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Old 01-05-2007, 11:11 AM   #1
john_b
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Default Scanning & Newton's rings

I usually use a film scanner to process 35mm slides and negatives but I find myself trying to scan some older format film - I think it may Kodak 848 - which won't fit my scanner.

The film is in strips of four frames. The images are 28mm square and the film itself only has sprocket holes along one edge. So one edge is almost 5mm wide while the other is only 1mm at most.

I thought I'd try a flatbed scanner and put the film strip on the platen with a thin sheet of glass to hold it flat. At first I thought I was doing quite well but it's only when you look closer that you start to see what I thought were some sort of diffraction patterns - swirly ellipses and so on - which I now find are called Newton's Rings. Bummer!

The best I can do is to put the film strip emulsion side down on the platen and try to hold it flat along the edges only, but since one edge is at best 1mm wide, this is a frustrating business to say the least.

If I had any hair left, I'd be pulling it out. I wonder, though if there's any other solution? Can you get some sorth of glass that doesn't cause this effect? I tried holding the film flat with a clear plastic CD jewel case lid but that's no use either...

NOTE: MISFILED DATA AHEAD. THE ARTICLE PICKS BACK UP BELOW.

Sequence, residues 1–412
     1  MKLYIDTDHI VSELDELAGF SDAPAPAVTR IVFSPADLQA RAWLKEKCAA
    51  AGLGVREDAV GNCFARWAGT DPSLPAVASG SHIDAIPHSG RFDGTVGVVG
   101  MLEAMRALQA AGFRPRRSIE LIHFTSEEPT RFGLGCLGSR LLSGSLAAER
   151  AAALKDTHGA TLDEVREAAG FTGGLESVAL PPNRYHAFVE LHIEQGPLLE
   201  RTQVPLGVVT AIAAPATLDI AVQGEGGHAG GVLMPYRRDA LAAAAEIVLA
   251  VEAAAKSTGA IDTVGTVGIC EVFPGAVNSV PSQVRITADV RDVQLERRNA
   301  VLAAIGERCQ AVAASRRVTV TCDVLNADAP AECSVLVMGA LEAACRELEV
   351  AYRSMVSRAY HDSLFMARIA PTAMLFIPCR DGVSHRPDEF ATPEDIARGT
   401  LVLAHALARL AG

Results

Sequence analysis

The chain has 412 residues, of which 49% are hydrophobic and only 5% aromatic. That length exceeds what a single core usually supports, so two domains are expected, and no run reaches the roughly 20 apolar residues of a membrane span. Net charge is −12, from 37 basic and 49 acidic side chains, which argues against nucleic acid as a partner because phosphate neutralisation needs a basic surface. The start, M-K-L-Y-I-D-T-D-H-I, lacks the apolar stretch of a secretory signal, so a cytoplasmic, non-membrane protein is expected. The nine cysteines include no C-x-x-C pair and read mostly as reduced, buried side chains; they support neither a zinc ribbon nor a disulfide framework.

...it was never going to be easy...;-(
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Old 01-05-2007, 02:26 PM   #2
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I know I've read something about how to prevent Newton's Rings but I can't remember where and I'm a bit pressed for time right now...I'll do some looking and get back to you--tomorrow I hope...

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Old 01-06-2007, 02:05 AM   #3
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I knew I've read about this problem - but that was on a newsgroup, a bit hard to point to unless google groups managed to get hold of it. Still, try searching google for [scanning "newton rings" prevent] (without the [] but with the "") and you'll find plenty of tips.

"Wet Mounting" is the method I've read about, and it is mentioned here and there at least, but there are other tips you might want to try out.

   
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Old 01-06-2007, 06:08 AM   #4
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I know I've read something about how to prevent Newton's Rings but I can't remember where and I'm a bit pressed for time right now...I'll do some looking and get back to you--tomorrow I hope...
We had a wonderful thread on Newton’s Rings on the original CIS forum, but I do not seem to have (or cannot find) an archive of it. Maybe someone else kept a copy.

   
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Old 01-06-2007, 07:05 AM   #5
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You'd have to used a special type of fluid that's like an oil for that and then use a piece of clear mylar on top and smooth everything out with a smooth lint free cloth. That'll work if your scanner can handle oil mounting. The stuff tends to get all over. It could damage the scanner if it's not made for that. You also need to have a light bar in the scanner.